Detroit over Toronto Quarterfinal
1988 Washington over Philadelphia Quarterfinal
1989 Los Angeles over Edmonton Preliminary
1990 Edmonton over Winnipeg Preliminary
1991 St. Louis over Detroit Preliminary
1992 Detroit over Minnesota^ Preliminary

Vancouver over Winnipeg Preliminary

Pittsburgh over Washington Preliminary
1994 Vancouver over Calgary Preliminary
1995 Pittsburgh over Washington Preliminary
1998 Edmonton over Colorado Preliminary
1999 St. Louis over Phoenix Preliminary
2000 New Jersey over Philadelphia Semifinal
2003 Minnesota^^ over Colorado  Preliminary

Vancouver over St. Louis Preliminary

Minnesota^^ over Vancouver  Quarterfinal
2004 Montreal over Boston    Preliminary
2009 Washington over New York**      Preliminary
2010 Montreal over Washington Preliminary

Philadelphia over Boston Quarterfinal
2011 Tampa Bay over Pittsburgh Preliminary
2013 Chicago over Detroit Quarterfinal
2014 Los Angeles over San Jose Preliminary

New York** over Pittsburgh Quarterfinal
2015 New York** over Washington Quarterfinal

*   New York Islanders
** New York Rangers
^   Minnesota North Stars
^^ Minnesota Wild

In the 31 seasons since all playoff rounds were expanded to best-of-seven series in 1987, 26 teams have comeback from a 3-1 deficit to win their series. In the thirteen postseasons since the 2004 NHL Lockout, however, only eight teams (Washington 2009, Montreal 2010, Philadelphia 2010, Tampa Bay 2011, Chicago 2013, Los Angeles 2014New York 2014, New York 2015) have turned the trick. Breaking it down by round, such comebacks have happened only once in the Stanley Cup Final (Toronto 1942) and Semifinal (New Jersey 2000), and seven times in the Quarterfinal (Detroit 1987, Washington 1988, Minnesota 2003, Philadelphia 2010, Chicago 2013, New York 2014, New York 2015), with the remaining 19 comebacks occurring during the Preliminary round.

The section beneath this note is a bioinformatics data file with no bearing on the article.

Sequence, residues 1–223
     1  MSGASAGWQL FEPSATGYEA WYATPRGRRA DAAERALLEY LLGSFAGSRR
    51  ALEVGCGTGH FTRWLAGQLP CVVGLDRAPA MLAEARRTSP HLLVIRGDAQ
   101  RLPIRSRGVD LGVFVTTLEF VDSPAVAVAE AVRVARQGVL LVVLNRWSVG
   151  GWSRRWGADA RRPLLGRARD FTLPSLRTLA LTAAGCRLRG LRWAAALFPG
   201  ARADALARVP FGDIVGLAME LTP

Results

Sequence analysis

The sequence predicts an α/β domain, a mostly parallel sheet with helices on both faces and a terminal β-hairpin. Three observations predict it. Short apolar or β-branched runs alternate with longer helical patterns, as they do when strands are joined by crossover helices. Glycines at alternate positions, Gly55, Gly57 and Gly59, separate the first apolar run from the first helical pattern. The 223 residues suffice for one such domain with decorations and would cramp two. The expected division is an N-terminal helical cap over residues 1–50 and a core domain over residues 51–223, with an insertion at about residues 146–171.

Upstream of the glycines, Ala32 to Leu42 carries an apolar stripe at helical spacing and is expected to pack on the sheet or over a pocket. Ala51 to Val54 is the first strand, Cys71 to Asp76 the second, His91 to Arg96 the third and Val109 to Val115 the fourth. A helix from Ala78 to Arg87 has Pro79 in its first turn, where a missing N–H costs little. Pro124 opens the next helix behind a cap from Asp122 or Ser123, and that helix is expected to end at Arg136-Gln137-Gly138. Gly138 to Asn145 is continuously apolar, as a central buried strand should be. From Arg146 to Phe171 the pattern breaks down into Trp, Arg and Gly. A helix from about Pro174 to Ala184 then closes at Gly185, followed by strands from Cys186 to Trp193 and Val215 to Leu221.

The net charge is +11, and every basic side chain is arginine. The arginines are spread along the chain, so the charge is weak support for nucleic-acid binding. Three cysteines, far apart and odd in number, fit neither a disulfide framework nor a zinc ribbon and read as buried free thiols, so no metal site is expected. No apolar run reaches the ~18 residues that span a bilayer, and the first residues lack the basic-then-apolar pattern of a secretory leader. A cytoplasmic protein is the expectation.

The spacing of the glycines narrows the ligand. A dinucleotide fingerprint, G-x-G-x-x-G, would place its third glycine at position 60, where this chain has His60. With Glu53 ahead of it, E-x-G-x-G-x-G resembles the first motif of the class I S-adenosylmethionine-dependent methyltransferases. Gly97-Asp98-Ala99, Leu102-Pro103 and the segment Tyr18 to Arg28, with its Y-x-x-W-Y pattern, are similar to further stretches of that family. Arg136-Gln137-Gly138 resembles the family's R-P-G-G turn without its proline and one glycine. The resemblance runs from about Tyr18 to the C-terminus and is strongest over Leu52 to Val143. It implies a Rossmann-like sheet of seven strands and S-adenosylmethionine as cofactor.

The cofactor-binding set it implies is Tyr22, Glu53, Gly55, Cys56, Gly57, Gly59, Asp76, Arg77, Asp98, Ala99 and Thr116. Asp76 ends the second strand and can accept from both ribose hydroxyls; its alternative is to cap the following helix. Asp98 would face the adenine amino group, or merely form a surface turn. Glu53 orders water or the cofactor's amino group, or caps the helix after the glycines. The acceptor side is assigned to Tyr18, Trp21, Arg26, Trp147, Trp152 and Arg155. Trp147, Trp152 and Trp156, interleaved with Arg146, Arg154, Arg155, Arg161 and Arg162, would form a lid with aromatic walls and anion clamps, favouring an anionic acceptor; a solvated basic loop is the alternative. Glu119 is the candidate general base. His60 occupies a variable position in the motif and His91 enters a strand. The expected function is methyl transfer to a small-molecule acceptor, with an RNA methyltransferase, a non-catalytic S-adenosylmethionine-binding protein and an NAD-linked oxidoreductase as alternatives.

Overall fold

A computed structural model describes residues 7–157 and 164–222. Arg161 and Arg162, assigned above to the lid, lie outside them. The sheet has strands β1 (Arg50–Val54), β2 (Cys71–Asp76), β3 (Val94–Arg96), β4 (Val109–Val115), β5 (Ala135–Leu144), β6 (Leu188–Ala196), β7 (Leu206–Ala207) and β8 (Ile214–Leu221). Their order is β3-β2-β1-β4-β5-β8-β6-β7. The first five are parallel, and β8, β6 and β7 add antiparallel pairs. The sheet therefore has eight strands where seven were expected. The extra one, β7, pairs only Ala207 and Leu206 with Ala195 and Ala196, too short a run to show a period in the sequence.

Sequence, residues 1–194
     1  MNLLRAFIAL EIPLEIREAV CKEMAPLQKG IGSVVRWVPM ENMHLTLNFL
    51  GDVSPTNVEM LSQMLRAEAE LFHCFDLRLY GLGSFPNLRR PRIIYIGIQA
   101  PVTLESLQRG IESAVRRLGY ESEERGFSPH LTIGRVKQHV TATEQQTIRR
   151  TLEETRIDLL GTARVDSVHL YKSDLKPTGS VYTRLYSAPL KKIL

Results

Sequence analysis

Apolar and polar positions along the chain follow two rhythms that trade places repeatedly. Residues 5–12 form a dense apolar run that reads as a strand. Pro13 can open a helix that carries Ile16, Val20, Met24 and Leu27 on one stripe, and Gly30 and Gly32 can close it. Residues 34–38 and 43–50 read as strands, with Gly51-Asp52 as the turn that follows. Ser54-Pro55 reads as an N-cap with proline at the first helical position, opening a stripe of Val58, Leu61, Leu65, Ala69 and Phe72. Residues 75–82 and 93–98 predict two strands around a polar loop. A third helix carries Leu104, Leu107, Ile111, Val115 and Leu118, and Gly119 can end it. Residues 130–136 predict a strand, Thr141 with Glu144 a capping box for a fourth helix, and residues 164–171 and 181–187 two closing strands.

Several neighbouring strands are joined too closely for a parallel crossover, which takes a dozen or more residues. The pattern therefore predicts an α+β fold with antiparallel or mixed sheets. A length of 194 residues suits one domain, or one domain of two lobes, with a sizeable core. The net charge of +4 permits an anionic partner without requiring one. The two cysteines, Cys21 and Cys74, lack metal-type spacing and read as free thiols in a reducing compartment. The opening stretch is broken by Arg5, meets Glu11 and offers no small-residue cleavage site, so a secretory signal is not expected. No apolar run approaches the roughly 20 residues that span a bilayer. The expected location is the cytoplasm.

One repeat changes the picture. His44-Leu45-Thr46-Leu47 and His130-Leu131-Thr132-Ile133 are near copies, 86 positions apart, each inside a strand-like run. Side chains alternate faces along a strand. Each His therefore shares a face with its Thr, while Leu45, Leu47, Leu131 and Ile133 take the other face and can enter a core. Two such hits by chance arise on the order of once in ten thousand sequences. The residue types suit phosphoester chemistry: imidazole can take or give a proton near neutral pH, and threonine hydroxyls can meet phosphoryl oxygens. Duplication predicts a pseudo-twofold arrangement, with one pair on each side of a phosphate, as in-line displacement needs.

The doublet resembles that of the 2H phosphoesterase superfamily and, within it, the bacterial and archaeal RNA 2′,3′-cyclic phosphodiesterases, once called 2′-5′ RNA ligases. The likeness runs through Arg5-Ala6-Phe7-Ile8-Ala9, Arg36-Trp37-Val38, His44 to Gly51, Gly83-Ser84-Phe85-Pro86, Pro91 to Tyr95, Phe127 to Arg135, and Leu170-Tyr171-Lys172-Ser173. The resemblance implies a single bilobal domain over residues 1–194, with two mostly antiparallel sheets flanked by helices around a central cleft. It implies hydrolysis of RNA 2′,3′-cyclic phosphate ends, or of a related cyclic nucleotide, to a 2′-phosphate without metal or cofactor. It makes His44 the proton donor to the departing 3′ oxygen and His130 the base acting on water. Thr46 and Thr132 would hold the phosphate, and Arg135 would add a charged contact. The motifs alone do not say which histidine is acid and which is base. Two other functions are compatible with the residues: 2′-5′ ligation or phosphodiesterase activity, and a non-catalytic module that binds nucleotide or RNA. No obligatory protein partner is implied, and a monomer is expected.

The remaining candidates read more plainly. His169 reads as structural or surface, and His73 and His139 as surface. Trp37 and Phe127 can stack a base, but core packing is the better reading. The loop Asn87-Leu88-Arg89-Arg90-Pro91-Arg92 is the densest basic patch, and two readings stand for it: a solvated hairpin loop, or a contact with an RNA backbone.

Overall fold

Of the 28 teams that completed the comeback, six (6/28 = 21%) won the Stanley Cup (Toronto 1942, Edmonton 1990, Pittsburgh 1992New Jersey 2000, Chicago 2013, Los Angeles 2014) and three more made it to the Final but failed to hoist the hardware (Vancouver 1994, Philadelphia 2010, New York 2014).

Only one team has ever recovered from a 3-1 deficit twice in the same playoff (Minnesota 2003). Similarly, only one team has ever comeback down 3-1 and blown a 3-1 lead in the same postseason (Vancouver 2003).

The chart below lists all teams involved in such 3-1 series comebacks, showing the total number of series involving such circumstances and their overall win/loss record.

Team       Series      Record
New York**
St. Louis
Los Angeles     
New York*
New Jersey
Tampa Bay
San Jose

*   New York Islanders
** New York Rangers

^   Minnesota North Stars
^^ Minnesota Wild

Only AnaheimBuffalo, Carolina, Columbus, DallasFlorida, Nashville, Ottawa and Winnipeg (formerly the Atlanta Thrashers) have never comeback from a 3-1 series deficit or blown a 3-1 series lead.  Vancouver leads all teams in comebacks trailing a series 3-1 with three such series wins.  Conversely, Washington has blown more 3-1 series leads than any other team, squandering five such series.

It's worth noting that in the thirteen postseasons since the 2004 NHL Lockout, twelve teams have squandered a 3-1 series lead only to stave off elimination by winning Game 7.  They are Carolina (2006), Vancouver (2007), Montreal (2008), Philadelphia (2008), Carolina (2009), Vancouver (2011), San Jose (2011), Boston (2013), Los Angeles (2014), St. Louis (2016), Pittsburgh (2017) and Boston (2018).  Seven of these games were decided by one goal and five in overtime.
In sum, with a 10% chance of recovery for teams trailing their series 3-1, it's statistically likely their season will soon end.

* See also NHL Playoff Comebacks Trailing 3-0.
* See also NHL Stanley Cup Playoff Game 7 History.
* See also NHL Stanley Cup Playoff First Round Upsets.